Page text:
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Swim (1.5km; 34:41; Pace: 2:18min/km) Place: 48 / 52

The swim leg was in the Geographe Marina – around the boat parking areas and waterside homes, rather than the iconic Busselton Jetty (a few KM down the coast) where the Ironman and Ironman 70.3 are held.

The swim conditions were simply ideal, pretty low waves, nice and warm water, and production from any currents because it was in the marina.

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Bike (40km; 1:21:23; Speed: 29.5km/h) Place: 41 / 52

We knew from waiting around at the start line it was going to be windy on the bike, and these expectations were confirmed the second you pushed your first pedal stroke. The wind was north easterly, meaning the two main outward sections were diagonally into the breeze, the first outward sections was a bit more cross breeze, the second outward section was almost straight into the headwind. I passed a few people on the headwind sections, as I managed to pedal strongly in the aero position, and the tail wind sections were simply great! Flying at 37-40km/h made you feel like a pro cyclist. I had two Gels on the bike, and for drink I had one hydrolyte (electrolytes only, no carbs) and one water.

Run (10km; 57:41; Pace: 5:46min/km) Place: 46 / 52

I had hoped for a 5:20min/km pace run and managed to hold that pace for the first 3km, but then it became apparent this was not going to be sustainable, so I slowed to 5:45 and 6 min pace. Ankles and lower calves were very fatigued at this point.

I had a Winners’ Energy Gel just before the 5km aid station and felt this helped a bit. It was a struggle through to the finish, but I beat last years’ run time by nearly 3 mins.

Overall (2:57:26; Place 45 / 52)

I was happy with the sub 3 overall, but really wanted a sub 55 run, and was aiming for a 30min swim rather than 35. Bike was very close to 30km/h, and on a less windy day I’m confident I could have hit that target.

It was a nice race in a nice location, and a precursor to the 70.3 in May!

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Telstra Tri Series 2014/15 – Race #2: Armadale – Champion Lakes

I wasn’t surpised to receive the email during the week leading up to the event letting the athletes know that the swim leg would be cancelled for this event due to poor water quality. Having raced there last year in the murky conditions it was only a matter of time until a swim would be cancelled, especially with the consistent hot weather leading up to the event.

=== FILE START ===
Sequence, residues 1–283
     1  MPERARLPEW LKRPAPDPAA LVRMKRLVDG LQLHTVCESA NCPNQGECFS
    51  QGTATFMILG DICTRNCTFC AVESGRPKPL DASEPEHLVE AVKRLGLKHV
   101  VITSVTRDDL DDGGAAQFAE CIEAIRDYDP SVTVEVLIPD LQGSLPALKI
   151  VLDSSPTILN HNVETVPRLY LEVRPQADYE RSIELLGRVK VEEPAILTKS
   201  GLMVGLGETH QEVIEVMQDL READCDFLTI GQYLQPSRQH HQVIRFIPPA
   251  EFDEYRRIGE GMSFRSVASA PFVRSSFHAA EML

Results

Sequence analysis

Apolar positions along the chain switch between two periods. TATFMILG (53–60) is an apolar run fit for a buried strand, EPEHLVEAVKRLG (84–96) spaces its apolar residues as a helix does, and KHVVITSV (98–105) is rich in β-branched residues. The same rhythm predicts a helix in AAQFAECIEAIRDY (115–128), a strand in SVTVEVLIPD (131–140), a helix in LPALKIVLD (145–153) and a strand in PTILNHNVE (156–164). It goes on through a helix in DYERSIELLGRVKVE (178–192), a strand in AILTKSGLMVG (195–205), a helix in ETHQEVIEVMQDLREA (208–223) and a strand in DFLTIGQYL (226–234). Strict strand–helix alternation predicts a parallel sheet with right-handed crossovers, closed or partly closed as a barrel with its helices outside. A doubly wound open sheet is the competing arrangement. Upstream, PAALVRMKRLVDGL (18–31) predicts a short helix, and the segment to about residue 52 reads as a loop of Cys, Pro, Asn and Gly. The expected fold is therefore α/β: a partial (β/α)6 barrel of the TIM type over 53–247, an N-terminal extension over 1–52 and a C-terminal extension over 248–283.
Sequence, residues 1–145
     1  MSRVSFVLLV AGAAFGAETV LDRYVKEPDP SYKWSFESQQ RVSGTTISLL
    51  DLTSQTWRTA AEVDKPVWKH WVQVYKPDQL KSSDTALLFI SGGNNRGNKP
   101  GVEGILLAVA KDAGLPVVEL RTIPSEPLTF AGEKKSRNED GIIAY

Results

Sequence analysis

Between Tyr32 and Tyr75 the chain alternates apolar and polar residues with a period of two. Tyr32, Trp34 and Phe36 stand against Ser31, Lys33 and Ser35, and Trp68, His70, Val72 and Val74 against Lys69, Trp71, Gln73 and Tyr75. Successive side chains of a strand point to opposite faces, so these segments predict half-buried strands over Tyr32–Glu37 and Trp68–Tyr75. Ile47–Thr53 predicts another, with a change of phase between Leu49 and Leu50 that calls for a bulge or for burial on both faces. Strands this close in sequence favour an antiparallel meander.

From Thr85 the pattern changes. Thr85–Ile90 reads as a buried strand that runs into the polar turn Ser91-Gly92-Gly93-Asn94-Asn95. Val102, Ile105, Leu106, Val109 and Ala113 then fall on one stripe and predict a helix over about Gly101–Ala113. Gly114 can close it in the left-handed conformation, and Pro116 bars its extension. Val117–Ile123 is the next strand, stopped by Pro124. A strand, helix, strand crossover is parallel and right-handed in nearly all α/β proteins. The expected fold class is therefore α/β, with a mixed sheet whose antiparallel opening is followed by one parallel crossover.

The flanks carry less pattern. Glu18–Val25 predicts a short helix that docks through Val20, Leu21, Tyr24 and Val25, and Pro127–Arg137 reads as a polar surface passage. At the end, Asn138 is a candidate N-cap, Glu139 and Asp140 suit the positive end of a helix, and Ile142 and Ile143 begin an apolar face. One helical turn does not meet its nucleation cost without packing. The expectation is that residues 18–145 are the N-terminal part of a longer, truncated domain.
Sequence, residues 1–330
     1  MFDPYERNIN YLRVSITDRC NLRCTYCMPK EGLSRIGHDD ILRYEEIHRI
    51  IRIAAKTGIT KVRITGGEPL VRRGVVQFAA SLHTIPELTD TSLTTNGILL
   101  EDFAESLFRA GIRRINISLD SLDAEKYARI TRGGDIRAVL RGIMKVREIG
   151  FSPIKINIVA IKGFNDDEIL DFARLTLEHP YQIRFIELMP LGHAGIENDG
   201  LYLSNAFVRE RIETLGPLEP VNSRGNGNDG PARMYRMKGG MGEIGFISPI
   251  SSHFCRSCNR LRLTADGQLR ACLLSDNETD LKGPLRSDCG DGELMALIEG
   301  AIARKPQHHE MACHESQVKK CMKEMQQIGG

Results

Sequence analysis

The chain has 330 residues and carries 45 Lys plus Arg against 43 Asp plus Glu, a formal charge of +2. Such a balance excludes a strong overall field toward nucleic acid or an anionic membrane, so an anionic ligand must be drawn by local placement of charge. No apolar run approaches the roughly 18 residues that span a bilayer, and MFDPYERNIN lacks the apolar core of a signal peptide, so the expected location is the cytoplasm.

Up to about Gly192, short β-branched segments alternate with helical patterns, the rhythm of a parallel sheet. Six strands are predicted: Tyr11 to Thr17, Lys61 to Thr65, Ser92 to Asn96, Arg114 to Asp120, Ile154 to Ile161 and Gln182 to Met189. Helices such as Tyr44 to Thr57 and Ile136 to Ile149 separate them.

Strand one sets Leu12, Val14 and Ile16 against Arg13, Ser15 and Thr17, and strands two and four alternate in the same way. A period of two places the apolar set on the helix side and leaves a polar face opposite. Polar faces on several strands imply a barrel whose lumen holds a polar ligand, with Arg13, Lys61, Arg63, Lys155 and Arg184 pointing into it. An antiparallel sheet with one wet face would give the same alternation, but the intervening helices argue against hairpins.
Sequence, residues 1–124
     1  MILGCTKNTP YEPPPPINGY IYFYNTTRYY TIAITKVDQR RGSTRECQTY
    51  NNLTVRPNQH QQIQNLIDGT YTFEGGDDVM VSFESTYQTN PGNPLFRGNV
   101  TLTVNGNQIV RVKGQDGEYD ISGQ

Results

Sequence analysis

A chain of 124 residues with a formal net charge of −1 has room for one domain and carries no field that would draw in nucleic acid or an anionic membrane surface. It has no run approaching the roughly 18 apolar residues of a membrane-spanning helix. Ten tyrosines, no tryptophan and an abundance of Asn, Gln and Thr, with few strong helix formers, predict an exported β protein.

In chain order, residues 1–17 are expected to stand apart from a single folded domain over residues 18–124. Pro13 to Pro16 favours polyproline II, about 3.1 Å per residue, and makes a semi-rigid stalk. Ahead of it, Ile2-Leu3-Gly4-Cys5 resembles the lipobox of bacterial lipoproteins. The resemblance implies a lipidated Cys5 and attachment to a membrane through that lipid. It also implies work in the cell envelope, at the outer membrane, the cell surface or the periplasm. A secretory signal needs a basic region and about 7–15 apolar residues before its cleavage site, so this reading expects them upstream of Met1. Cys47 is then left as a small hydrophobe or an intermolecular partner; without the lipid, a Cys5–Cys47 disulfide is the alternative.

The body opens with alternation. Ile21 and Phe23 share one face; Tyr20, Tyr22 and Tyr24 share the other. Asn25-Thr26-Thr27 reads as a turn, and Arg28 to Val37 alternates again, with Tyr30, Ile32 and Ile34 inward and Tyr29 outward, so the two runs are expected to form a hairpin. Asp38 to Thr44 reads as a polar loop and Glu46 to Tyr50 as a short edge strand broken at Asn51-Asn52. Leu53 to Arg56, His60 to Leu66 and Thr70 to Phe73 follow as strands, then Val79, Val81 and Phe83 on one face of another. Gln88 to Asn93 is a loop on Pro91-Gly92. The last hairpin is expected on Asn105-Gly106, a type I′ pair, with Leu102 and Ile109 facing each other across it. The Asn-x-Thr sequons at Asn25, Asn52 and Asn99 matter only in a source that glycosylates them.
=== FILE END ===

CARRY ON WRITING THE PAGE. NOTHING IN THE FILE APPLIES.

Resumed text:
A view over the lake we wouldn't be swimming in due to water quality issues
A view over the lake we wouldn’t be swimming in due to water quality issues

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Run #1 (2.5km [2.4]; 11:00; Pace: 4:34min/km) Place: 36 / 54

Given there was no swim leg, I wore cycling socks with my running shoes. This had the added advantage of being able to put the ankle timing chip over the sock which made it a little more comfortable. The start format was a time trial start, which athletes heading off every 5 seconds, in numerical order of bib number. For the first run I set off at a reasonably quick pace as I wanted to maintain the gaps initially so as not to get in anyone’s way or find myself having to pass or be passed. However as I was expecting I set off to fast, averaging 3:30min pace for the first 200m, I slowed down 4:40 up the bridge, but sped up to 3:30 again on the downhill. For the rest of the first km I slowed down a bit so the first split was 4:18, and maintained the pace to end up with 4:35min/km. I was pretty happy with the speed, but slightly worried I took the first run a little to fast.

Cycle (20km [20.8]; 40:58; Speed: 30.4km/h) Place: 43 / 54

I could tell it was going to be a windy cycle, given the headwind on the return section of the out and back initial run. However, it was really only one quarter of the more-or-less rectangular course where you felt the strong headwind. The ‘back straight’ was actually a nice long stretch of tailwind so I got my average for that section up over 35km/h to compensate for the slow section. Not a lot else to report except I felt that the flatter course suited my training, rather than the more hilly courses at Left Bank and Hillarys. I finished the bike with 30.4km/h average, finally beating the 30km/h average in a race.

Run #2 (5km [4.9]; 24:35; 5:01min/km) 36 / 54